“If anyone loves me, he will keep my word,
@@and my Father will love him,
@@@@and we will come to him and make our home with him." John 14:23


Lectio Divina with Children

It is impossible to set out a script for lectio divina for use with all children. However the
example here is one which works. The script could be printed and put onto acetate
and projected. Alternatively you could write it onto flipchart paper. Otherwise photocopy
one for each child.

For children up to the age of 12, the sort of approach that is usually most appropriate is
much more about you building a relationship of love with them in order that they trust you
and in order that they want to learn about the elements which make up your world. A formal lectio divina session is not often appropriate.
There is no need to use the term lectio divina, and in fact the approach described here is
intended to be a process of liberating the child to imagine a God who is involved with them
personally and whom they can listen to and speak to.
A more free or chaotic session (organised chaos, of course) will teach them much more
about their relationship with God and will help them to acquire the belief that they should
come before God completely as themselves. It will help them to differentiate lectio divina
from a religion class at school - this is of paramount importance!
Lectio with children up to the age of 12 needs to be more discursive because they will need questions, prompting and encouragement at times. Younger children may be especially good at drawing out the essence of a text for themselves because they have not yet become self-conscious. They deserve the chance for silence, though, as much as anyone.

Using the Reading
Choose stories mainly, Gospel stories but also Old Testament stories. When you prepare the session, ask yourself what are the key words, the key ideas and teachings.
What is the big question that the children must ask themselves when they read this passage?
What are you going to ask them to help them?
It is a good idea to conduct the reflection in two stages:
1. What does it say?
2.What does it say to me?
In order for any listening to God to take place through the medium of a text, the text
needs to be understood.

Re-presenting the Story
Get them to tell the story back to you and help them to get the principal idea(s). With all
children it's a great idea to resort to art or music to do this. Get them singing or drawing
pictures. This pack doesn't need to give a step by step guide on how to do that.

Reflecting on the Story
The second stage is of course more difficult but they will probably regularly surprise you.
It is all about helping them to see themselves as individuals with different gifts and ideas
and different histories and the better you know them the more you can help them to do this.
They will all have done different things recently so the reading may seem more appropriate
to one than to another.
This doesn't matter but in the long run over several meetings you must make sure that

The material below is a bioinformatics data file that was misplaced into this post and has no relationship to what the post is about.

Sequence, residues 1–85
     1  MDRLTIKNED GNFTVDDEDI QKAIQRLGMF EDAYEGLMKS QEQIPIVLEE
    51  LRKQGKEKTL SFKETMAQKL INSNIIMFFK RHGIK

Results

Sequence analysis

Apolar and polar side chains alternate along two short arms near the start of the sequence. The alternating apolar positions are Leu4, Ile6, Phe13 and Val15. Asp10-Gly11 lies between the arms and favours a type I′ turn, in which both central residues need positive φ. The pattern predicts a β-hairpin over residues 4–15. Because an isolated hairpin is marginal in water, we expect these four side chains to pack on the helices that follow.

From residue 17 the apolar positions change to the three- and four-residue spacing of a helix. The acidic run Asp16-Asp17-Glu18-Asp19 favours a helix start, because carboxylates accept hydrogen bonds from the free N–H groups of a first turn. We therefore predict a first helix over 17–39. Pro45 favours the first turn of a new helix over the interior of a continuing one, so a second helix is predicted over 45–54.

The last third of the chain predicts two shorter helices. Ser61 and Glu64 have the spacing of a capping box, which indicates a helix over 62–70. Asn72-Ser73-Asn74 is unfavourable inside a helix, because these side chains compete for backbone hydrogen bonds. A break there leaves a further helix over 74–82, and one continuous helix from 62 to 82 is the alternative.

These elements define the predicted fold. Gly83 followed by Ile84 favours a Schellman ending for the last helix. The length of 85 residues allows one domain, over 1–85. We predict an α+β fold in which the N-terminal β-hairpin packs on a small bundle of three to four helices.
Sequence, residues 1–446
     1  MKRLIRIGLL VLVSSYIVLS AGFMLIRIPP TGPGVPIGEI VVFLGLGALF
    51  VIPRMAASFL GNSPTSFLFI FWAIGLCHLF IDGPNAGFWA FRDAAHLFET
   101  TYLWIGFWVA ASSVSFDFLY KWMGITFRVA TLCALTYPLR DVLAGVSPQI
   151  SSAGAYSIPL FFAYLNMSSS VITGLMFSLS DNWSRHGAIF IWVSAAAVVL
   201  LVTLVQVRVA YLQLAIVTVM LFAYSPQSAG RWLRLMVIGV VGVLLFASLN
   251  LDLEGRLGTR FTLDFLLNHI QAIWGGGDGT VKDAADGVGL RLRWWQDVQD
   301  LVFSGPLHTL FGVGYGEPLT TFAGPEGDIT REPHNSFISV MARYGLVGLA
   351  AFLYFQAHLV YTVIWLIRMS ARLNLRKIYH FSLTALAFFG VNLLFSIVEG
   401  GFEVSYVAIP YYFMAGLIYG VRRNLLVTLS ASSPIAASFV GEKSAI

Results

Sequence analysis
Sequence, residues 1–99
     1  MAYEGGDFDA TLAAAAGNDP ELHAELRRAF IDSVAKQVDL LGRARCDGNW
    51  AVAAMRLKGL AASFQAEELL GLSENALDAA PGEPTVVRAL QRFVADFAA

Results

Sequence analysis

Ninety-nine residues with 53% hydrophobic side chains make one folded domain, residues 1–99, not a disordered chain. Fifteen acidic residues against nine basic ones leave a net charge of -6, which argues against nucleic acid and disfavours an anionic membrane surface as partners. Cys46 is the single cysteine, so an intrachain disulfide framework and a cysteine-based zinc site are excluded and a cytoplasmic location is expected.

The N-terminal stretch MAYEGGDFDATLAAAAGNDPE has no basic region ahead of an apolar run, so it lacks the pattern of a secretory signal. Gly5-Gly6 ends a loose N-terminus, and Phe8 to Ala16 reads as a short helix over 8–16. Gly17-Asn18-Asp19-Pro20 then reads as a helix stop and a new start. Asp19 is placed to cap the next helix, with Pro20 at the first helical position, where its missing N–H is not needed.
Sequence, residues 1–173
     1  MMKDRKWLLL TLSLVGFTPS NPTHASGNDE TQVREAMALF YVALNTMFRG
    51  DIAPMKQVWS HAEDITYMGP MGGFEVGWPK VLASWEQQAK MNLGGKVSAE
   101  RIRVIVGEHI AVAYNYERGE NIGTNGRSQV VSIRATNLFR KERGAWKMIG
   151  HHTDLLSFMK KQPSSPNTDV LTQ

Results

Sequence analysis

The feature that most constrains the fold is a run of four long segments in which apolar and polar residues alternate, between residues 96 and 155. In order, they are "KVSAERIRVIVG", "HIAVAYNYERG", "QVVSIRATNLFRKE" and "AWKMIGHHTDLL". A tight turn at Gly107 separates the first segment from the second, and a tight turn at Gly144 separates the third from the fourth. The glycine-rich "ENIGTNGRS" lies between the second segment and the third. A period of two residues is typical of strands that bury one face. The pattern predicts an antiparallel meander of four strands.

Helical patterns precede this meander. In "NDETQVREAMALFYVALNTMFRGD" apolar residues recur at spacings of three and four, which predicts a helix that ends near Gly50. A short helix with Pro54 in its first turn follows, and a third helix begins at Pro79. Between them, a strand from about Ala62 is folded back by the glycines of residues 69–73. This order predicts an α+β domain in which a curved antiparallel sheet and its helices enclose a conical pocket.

everyone gets to say at least once how a reading affects them.

Time for Intercession
At the end of the session they should have the chance to make intercessions for different
things. Try to include a corporate prayer that reflects something from the reading, connecting it with their own experience.

The Ten Commandments for lectio divina with children

1. Know the children and their world.
2. Concern yourself for them when they are ill or having problems.
3. Seek the counsel of other lectio divina group leaders.
4. Pray for each one of the children in your group.
5. Be organised and prepare in advance each meeting with the children.
6. Take time with the children of the group outside of the meetings.
7. Show by your actions that you live by what you teach.
8. Always have your Bible to hand and always have it open at the meetings.
9. Choose readings and give explanations appropriate to their understanding.
10. Never forget that you are working for the Kingdom of God.

The text below which offers a template for a session is available as a separate handout

We start with the sign of the Cross:
In the name of the Father, and of the Son and of the Holy Spirit, Amen.

Let us all pray now to the Holy Spirit to help us to listen and understand
Everyone says:
Come Holy Spirit and be with us now as we pray. Help us to love you and others.
Help us to learn what you want us to learn as we listen to the reading from the Bible. Help us to do what God wants.

Let us think about when we have hurt anyone this week or not been good to someone who
needed to be loved... Let us ask God to forgive us:
Lord have mercy, Lord have mercy.
Christ have mercy, Christ have mercy.
Lord have mercy, Lord have mercy.

May Almighty God have mercy on us, forgive us our sins, and bring us to everlasting life. Amen.

Now we listen to the reading from the Bible.
We read it slowly so that we can work out what is happening in this story.


First we try to understand what the story really says.
We try to get a picture of it in our heads.


Now we try to work out what God is saying to us in this story.


Prayers of Intercession

Our Father...

We finish with the sign of the Cross:
In the name of the Father, and of the Son and of the Holy Spirit, Amen.

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Page last updated on 16 February, 2015